Since I talked last time about the nitty-gritty of RPG writing (September) and some of the trials of writing in another’s RPG universe creation—or ‘playing in someone else’s sandbox’ if you will—I wanted to talk about a couple of things that every single writer will face: meeting and missing deadlines.
Why Are Deadlines So Important?
In Dice & Deadlines: Freelancing (July) I talked about the RPG industry being a business. Publishers are in it because they want to make money first. They love the business of roleplaying games second. This is especially true when dealing with the major players in the RPG arena—Wizards of the Coast, CCP, Fantasy Flight Games and numerous others. They all have to answer to the bottom line. And you, as a freelancer, do affect that bottom line.
Here is how: Gen Con Indy, scheduled for August, is one of the major annual gaming conventions in the United States. It is one of several. A large number of companies schedule their major launches for conventions like Gen Con Indy. In order for that RPG book to be presented at the convention, the timeline (very roughly) looks something like this:
December/January – Freelancers receive assignment and contract.
February – Freelancers turn in assignment, get feedback and rewrite requests.
March – Final freelance work to editor for last edits and editor gives the whole book a final edit.
April – Book to layout editor and then to a final round of proofing.
May – Book to printer, receive proof, send back with changes, and receive new proof.
June – Accepted final proof of book to printer.
August – Book launch along with author signings and swag giveaways.
Look tight? It is and that is the name of the game when it comes to writing for the RPG industry. A lot of writing with tight turnarounds. So, what happens if you slip or miss your deadline? Either everything gets moved out or some other freelancer gets picked up to finish what you didn’t or the editor does the work. Or, the book slips its schedule and misses its launch date, costing the company time and money.
No matter what, no one is happy. Not the editor who chose you and ended up with extra. Not the company who lost money. Not you because your reputation is tarnished.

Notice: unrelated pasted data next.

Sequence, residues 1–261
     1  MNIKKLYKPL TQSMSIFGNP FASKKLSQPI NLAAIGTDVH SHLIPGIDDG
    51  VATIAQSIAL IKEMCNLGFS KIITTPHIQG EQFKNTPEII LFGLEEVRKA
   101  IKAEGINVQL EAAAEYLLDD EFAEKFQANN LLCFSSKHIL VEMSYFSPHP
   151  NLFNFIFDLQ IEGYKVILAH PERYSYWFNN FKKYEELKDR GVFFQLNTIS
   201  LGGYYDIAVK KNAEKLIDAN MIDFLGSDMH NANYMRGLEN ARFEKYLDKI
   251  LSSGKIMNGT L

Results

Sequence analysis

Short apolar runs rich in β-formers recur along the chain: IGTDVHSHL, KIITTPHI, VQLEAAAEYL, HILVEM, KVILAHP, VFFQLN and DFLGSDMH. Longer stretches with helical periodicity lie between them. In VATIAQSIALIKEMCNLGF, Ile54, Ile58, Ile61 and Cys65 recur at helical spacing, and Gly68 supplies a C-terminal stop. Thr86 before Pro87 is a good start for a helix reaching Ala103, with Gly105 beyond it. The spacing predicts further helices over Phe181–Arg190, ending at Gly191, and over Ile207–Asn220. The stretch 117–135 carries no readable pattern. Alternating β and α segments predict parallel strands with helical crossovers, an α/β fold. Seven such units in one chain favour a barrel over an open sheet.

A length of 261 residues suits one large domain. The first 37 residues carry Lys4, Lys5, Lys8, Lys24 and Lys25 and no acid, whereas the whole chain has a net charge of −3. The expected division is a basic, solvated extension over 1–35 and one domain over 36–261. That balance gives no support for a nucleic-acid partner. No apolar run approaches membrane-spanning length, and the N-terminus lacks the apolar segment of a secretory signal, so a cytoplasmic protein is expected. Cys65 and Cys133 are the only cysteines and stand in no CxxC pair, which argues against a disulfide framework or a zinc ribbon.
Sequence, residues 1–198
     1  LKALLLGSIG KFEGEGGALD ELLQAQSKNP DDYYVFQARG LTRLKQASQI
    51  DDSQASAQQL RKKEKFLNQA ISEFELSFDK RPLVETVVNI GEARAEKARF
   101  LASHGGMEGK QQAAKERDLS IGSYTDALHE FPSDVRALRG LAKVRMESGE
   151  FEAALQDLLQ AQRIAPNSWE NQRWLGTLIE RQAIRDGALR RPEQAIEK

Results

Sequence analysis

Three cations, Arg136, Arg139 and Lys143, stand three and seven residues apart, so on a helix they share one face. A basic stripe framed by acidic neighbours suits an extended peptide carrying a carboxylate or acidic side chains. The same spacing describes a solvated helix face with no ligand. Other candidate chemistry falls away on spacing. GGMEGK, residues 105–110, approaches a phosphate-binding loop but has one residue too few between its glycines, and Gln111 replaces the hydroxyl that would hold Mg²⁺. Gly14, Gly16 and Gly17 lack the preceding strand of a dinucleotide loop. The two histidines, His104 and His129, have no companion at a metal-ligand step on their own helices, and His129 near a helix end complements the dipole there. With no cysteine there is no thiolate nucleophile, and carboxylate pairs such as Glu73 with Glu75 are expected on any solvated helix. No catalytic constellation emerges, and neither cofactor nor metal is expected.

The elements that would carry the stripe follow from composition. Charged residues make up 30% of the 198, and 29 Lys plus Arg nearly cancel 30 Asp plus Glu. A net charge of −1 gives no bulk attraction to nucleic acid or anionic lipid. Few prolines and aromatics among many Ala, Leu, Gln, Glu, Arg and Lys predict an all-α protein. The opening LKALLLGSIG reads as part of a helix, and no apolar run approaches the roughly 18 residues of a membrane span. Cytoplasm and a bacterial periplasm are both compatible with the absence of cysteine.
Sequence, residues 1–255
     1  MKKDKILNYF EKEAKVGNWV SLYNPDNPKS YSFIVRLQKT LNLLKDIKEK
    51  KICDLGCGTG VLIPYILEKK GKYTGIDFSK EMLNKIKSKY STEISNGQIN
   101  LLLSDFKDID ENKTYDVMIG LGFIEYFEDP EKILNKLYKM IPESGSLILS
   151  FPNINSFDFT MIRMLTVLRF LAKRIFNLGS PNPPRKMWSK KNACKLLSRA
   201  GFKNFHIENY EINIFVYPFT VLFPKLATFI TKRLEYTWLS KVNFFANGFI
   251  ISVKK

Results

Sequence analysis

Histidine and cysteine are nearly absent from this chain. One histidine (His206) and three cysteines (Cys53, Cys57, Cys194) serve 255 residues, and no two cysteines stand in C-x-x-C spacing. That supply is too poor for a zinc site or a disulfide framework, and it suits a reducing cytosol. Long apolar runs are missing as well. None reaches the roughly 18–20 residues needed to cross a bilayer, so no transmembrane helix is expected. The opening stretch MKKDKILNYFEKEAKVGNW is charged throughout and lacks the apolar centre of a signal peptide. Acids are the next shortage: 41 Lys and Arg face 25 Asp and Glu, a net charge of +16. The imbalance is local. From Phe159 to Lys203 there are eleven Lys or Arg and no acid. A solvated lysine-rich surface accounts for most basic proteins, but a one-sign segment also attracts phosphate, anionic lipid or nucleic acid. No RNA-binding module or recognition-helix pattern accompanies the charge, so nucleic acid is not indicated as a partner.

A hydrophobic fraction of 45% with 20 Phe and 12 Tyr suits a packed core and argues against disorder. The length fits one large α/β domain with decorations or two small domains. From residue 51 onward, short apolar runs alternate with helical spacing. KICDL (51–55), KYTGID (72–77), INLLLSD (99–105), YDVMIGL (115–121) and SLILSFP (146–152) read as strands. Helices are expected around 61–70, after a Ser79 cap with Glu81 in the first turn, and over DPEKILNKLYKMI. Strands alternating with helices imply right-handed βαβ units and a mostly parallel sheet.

When to Ask for an Extension
Now, not every book is scheduled to release on a convention but every book release has a specific release date for a reason—quarter end, RPG creation anniversary, you name it. But we all know life happens. Slips happen. When do you request an extension?
As soon as you realize you will not hit your deadline and not a moment later.
I was given three months to write a 70,000 word Savage Worlds book. More than enough time for me. I finished another project during that first month and started the book in the second month. At the end of that second month, a friend of mine died and left me reeling. By the time I pulled myself back together, I knew I would not make that deadline and I knew that, as the sole author on the book, I needed an extension. As soon as I realized it, I did what I needed to do.
How to Ask for an Extension
I did ask for the extension. But before I wrote that email, I did my homework. I figured out how much I had left to do, how many words I could get done in a day and figured out how much time I needed. So, my email told the publisher what happened in short, professional terms, that I needed an extension and how long that extension needed to be.
When you need to go to your boss (that is who your editor or publisher is) with your hat in your hands, you will look 100% better if you have done your due diligence and can ask for exactly what you need. This gives the company enough information to determine if they have the time to give you or if they need to pull in a pinch hitter.
The moral of the story is to always meet your deadlines. If you can’t do that, inform the company immediately and ask for an extension of a specific length of time.
Got any questions about deadlines and extensions or anything else I’ve talked about on Dice & Deadlines? Comment and I’ll do my best to answer.